September 25, 2009

Marketing Tennessee's Cherokee history

Cherokee history is new focus in southeast TennesseeLocal tourism professionals are working alongside scholars, citizens and history buffs in a movement that is uncovering new stories and raising awareness of southeast Tennessee’s extremely significant Cherokee history, a part of America’s Native American past.

Representatives from Southeast Tennessee Tourism Association and the Convention & Visitors Bureau of the Cleveland/Bradley Chamber of Commerce are unveiling new driving trail brochures highlighting the rich Cherokee history and encouraging visitation to the area. The Bradley County brochure is titled “Your Passport to Explore Cherokee Heritage.” The SETTA brochure is “Southeast Tennessee Cherokee Native American Guide.”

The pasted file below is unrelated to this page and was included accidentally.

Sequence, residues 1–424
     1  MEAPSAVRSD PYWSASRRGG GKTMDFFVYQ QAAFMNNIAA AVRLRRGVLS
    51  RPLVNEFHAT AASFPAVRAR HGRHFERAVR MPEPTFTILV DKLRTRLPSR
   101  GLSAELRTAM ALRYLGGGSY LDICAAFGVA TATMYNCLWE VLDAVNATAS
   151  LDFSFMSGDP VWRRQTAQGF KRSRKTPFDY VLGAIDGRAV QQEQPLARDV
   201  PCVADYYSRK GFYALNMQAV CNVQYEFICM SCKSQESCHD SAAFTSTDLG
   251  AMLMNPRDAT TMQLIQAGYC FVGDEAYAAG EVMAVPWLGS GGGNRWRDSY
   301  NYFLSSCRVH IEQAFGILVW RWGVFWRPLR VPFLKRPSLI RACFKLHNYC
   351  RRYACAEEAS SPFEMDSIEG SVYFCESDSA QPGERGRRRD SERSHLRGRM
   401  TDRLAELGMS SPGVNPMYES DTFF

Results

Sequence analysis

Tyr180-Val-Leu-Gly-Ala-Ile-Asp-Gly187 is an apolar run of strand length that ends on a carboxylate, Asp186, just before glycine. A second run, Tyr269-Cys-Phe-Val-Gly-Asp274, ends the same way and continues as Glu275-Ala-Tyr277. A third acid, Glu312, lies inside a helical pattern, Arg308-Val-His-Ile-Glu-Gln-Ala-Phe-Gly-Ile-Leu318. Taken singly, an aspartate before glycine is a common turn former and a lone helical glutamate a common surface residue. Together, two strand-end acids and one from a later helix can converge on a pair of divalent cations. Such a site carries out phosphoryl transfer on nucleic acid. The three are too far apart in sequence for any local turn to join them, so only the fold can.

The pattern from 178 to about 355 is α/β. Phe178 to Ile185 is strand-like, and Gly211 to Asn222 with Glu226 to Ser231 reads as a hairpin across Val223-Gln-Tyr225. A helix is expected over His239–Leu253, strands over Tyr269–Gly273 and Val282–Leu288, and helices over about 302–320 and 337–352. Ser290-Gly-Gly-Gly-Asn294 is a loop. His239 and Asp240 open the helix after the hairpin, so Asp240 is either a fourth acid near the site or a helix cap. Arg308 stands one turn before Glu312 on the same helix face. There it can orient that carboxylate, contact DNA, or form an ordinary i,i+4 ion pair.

A remarkable convergence of events prompted this focused attention and cooperative effort, including the opening of the Cherokee Removal Memorial Park; this year’s 30th anniversary of Red Clay State Park; the 25th anniversary of the Joint Council Reunion with the lighting of the eternal flame, and the PBS series “We Shall Remain,” which focused one entire episode on the Trail of Tears and the Cherokee experience in and around southeast Tennessee. Portions of the film were shot at Red Clay, the last eastern capital of the Cherokee Nation.

“Southeast Tennessee’s Native American History is one of the true hidden gems in Tennessee,” said Cindy Milligan, tourism director for SETTA. “We are committed to putting the spotlight on this region’s Cherokee history so that it is no longer hidden, but in fact, is raised to national and international prominence.”
Comment:  For a related subject, see Cherokee "Living History" Tours.

Below:  "The Bradley County brochure is titled 'Your Passport to Explore Cherokee Heritage.' It outlines the precise location of the Cherokee Agency where passports were required to enter into Cherokee territory."

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